After fitting a Tri Spark charging system to my ex Interpol now JPN replica 1972 750 Commando, and seeing the state of the wiring, I decided now's the time to sort it out. Sent away for RGMs wiring loom kit, and although electrics is my weak point, I'm determined to give it a go and be back on the road soon. Does anyone have any advice or tips that'll keep me right?
think ahead as to how to reconnect new loom to all the components: labelling components with wire colours/ positions before disconnecting old loom etc etc, and also routing of wiring through bike frame etc.
and avoiding interference with steering movement etc.
Consider some suitable treatment spray before plugging in new connectors.
Invest in the proper crimping tools for the terminals. Al Osborn hates the blue,red,yellow preinsulated terminals and i know what he means, they look totally out of place and crucially they don't have a good grip on the insulation of the wire. They are great for industrial installations and the like but not for vibrating motorbikes.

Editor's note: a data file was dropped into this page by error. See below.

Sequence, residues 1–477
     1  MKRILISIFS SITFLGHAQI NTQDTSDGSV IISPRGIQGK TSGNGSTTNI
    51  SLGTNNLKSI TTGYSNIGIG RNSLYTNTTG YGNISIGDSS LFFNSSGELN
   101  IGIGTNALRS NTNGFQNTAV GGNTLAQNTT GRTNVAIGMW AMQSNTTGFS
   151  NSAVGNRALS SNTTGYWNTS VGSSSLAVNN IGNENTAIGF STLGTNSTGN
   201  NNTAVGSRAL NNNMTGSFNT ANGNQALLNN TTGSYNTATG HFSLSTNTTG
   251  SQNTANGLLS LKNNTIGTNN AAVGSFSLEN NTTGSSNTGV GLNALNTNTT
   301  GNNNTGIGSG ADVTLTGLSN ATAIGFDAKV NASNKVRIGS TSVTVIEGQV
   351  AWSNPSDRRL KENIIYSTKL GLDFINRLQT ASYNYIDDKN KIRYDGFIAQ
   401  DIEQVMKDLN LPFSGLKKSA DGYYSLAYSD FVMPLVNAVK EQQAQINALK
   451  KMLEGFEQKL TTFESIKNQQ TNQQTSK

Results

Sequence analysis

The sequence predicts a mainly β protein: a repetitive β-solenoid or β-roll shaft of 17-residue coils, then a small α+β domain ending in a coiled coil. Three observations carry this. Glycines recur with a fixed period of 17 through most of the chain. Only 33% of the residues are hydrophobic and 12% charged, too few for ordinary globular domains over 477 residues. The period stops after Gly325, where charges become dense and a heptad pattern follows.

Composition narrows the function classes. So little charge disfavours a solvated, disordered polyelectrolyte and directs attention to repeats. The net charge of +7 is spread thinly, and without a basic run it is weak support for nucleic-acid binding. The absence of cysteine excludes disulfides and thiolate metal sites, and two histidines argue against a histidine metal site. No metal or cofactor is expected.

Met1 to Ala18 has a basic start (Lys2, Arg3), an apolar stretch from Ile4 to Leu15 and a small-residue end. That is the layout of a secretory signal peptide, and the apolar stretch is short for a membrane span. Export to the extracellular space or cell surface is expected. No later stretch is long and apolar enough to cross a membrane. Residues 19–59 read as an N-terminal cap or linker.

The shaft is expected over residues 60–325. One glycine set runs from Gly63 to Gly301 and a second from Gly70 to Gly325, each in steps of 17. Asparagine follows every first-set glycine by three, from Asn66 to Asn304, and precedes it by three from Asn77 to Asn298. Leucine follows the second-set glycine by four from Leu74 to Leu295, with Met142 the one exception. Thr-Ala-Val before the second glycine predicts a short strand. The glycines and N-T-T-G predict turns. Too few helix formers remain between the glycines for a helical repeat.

You have to remember to put the insulating sleeve on the wire before crimping the terminal or invest in the three leg sleeve stretching tool.
Use non-adhesive PVC loom tape to wrap the loom. Avoid the cloth loom tape variety, it attracts all the oil and shite the bike accumulates.
You might consider changing the head steady to the later box type.
Your mileage may differ, but I'm a fan of the original Lucas bullet connectors — provided that one uses the correct type of bullets and the associated crimping tool. The pliers for assembling the bullets to the connectors are also worthwhile.
Depending on funds available, I'd go for the third isolastic type as used on the production racers.
I am puzzled over the hatred of the pre-insulated crimps. If you use the proper crimp tool and the correct procedure, the insulation is gripped. We use them on system that go into all sorts of places including aircraft and helicopters, and even an Atlas vibrates less than a helicopter.
Our crimp tools are calibrated yearly so I suppose if you use a cheap tool and use it for years you might be getting bad crimps.
On the subject of bullet connectors, I think the concept of having to haul on a wire to remove it from the outer bit is horrible. Ok when the system is new and the crimp is good but when it has been in place for years and corroded, you are more likely to pull the wire out or snap it.
You use what you are comfortable with.
For in-line connections I use the Superseal Weatherproof Connectors but I do have the proper ratchet crimp tool.